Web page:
Steamship, West of England and North have informed members that Brazilian Customs has reintroduced a previously-abandoned obligation for a consignee to produce an original bill of lading for taking delivery.
Correspondent Proinde said in a Circular that, under civil and commercial legislations, a ship’s master was required to exercise due diligence to safekeep the goods received on board and promptly deliver them at destination within a reasonable amount of time, or as agreed upon, against the presentation of the original bill of lading.
The general rule imposed by the Civil Code regarding contract of cargo carriage established that “the goods must be delivered to the consignee, or to whoever presents the endorsed bill of lading, who must receive them and submit any claim that he may have, under penalty of lapsing of right”
The Law also defined a bill of lading not only as an evidence of receipt, but also proof of possession and ownership of the goods.
In the specific case of goods carried by sea, deliveries were not actually made to the consignee; instead, the carriers delivered imported cargoes to the custody of customs‐bonded spaces at ports and terminals that are controlled by the Ministry of Finance (Ministério da Fazenda), through the Federal Revenue Department (Receita Federal do Brasil – RFB), the Customs authorities responsible for applying the statutes relating to the import and circulation of goods.
All imports then undergo a Customs clearance procedure, regardless of their value or whether they are taxable or not, in order to obtain legal entry into the country and subsequent delivery to the consignee. Carriers were not involved in the delivery process and lost all control over the goods from the moment they were physically handed over to the customs‐controlled facilities at destination.
To be entitled to take delivery, consignees must provide the Customs‐bonded depositary with the required set of documents proving ownership and regulatory compliance.
Customs’ Normative Instruction (IN) RFB 680 of 2006 set out the procedure for cargo clearance and required the importer to produce various documents as a condition of taking delivery. One of these documents used to be the original bill of lading.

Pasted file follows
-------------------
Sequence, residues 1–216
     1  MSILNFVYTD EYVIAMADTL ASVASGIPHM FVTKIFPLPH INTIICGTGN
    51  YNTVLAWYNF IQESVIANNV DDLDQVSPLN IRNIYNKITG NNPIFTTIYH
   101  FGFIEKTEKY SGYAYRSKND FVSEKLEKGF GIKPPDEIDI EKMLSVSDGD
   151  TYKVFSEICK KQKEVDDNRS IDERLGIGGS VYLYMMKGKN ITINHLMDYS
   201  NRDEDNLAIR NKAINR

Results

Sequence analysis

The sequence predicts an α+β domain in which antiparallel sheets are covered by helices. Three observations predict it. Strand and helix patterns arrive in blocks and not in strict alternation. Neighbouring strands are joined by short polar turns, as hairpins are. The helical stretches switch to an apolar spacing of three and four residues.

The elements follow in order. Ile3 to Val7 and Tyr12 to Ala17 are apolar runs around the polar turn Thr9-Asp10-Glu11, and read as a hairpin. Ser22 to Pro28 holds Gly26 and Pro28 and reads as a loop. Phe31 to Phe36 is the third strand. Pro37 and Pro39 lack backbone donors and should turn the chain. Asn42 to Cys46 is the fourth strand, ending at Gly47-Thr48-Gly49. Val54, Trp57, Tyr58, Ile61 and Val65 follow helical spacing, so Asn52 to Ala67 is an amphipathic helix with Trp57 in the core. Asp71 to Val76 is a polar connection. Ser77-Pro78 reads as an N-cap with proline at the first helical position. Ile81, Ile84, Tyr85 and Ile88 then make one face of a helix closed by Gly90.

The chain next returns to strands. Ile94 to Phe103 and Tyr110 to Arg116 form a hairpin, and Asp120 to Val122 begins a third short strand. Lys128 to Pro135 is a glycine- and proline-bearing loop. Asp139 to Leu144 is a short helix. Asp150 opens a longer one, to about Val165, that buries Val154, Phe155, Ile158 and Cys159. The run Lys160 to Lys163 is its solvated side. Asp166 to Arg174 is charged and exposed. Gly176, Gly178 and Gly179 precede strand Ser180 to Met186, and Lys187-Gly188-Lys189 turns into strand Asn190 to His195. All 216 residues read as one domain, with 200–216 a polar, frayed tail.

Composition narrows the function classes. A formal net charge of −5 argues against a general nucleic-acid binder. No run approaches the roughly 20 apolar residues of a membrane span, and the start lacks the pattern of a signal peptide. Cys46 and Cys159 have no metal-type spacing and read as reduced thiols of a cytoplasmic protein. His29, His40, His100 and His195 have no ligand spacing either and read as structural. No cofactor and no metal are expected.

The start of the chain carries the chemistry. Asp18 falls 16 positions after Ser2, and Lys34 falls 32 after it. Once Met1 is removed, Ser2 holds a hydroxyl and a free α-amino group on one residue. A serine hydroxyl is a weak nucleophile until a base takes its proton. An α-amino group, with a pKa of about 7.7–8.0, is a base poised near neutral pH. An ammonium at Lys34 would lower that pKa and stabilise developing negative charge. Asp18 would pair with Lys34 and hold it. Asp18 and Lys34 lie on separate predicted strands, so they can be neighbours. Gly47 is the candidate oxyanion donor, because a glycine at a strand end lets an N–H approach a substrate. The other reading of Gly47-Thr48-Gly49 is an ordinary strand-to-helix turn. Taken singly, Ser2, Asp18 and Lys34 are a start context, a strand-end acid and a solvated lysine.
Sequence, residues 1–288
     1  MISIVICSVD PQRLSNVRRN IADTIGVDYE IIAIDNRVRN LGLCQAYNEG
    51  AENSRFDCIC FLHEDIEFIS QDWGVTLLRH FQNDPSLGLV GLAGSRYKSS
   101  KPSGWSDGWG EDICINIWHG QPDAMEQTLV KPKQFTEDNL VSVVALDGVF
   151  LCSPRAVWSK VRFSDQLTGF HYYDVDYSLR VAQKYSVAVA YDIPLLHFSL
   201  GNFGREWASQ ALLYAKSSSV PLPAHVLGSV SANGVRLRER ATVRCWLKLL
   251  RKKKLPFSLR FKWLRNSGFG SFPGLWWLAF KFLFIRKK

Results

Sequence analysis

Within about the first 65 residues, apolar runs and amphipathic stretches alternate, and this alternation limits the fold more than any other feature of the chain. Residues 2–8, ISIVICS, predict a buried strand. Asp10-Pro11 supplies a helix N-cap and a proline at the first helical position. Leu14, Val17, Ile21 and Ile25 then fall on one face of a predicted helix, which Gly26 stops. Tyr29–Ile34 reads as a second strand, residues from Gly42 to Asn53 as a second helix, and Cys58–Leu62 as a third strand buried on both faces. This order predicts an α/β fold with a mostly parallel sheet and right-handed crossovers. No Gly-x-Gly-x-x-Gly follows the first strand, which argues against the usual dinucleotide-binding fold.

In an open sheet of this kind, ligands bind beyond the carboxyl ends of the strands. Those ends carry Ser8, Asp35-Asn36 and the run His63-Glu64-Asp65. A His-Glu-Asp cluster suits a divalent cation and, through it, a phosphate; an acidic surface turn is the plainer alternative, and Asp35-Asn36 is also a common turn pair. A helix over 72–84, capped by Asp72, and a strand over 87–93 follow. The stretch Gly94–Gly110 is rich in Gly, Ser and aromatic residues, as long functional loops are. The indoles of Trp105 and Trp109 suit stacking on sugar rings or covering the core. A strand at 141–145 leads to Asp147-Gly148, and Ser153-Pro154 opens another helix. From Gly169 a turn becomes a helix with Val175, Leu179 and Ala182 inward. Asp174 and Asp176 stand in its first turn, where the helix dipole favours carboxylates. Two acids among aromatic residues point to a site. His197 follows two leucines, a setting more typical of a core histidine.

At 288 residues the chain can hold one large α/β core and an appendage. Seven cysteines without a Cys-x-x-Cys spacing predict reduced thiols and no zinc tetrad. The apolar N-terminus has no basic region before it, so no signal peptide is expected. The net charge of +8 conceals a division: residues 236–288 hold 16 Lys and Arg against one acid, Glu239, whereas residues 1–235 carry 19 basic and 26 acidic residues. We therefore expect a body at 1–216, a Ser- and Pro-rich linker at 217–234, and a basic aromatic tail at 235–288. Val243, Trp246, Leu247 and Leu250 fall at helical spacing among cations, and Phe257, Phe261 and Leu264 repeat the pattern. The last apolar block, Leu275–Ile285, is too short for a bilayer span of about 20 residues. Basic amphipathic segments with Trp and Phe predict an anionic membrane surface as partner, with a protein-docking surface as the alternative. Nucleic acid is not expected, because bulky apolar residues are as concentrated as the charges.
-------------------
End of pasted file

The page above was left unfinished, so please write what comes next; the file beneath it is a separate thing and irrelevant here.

However in 2013, somewhat to the surprise of the industry, Brazilian customs applied substantial changes to the rules. These included the revocation of the clause that demanded the original Bill of Lading as a condition for the consignee to withdraw the goods from the Customs‐controlled spaces.
In practice, it meant that the consignee could complete the clearance process and take delivery the goods without ever surrendering the original B/L. Carriers were therefore concerned that they might be exposed to financial losses and liabilities arising from wrongful or unauthorised delivery or even non‐payment of freight charges and fees owed to them.
In 2014, Brazilian Customs issued an instruction that removed any prohibition of bailees demanding presentation of the original B/L to ensure that the cargo was delivered to the rightful cargo owner. However, Proinde noted that some ports and terminals in Brazil were still strictly following IN RFB 1,356/2013 to the letter, delivering the goods without demanding production of the original B/L, and thus leaving the sea carriers to face lawsuits from the actual cargo owners and NVOCCs in Brazil and abroad.
On November 14th Brazilian Customs updated the regulations, reintroducing the obligation of the consignee submitting the original B/L, amongst other documents, to withdraw imported goods from ports and terminals.
The latest regulation also insists that the bailee keep a safe copy of the original B/L for five years.
Concluding, the correspondents said that the reconsideration of the Customs authority to the issue of presentation of the original bill of lading should be praised, as it considerably reduced the exposure of the sea carriers to wrongful delivery claims and brought peace of mind to exporters, importers and cargo traders. It also led Brazil into alignment with international law and practice when it comes to cargo delivery requirements.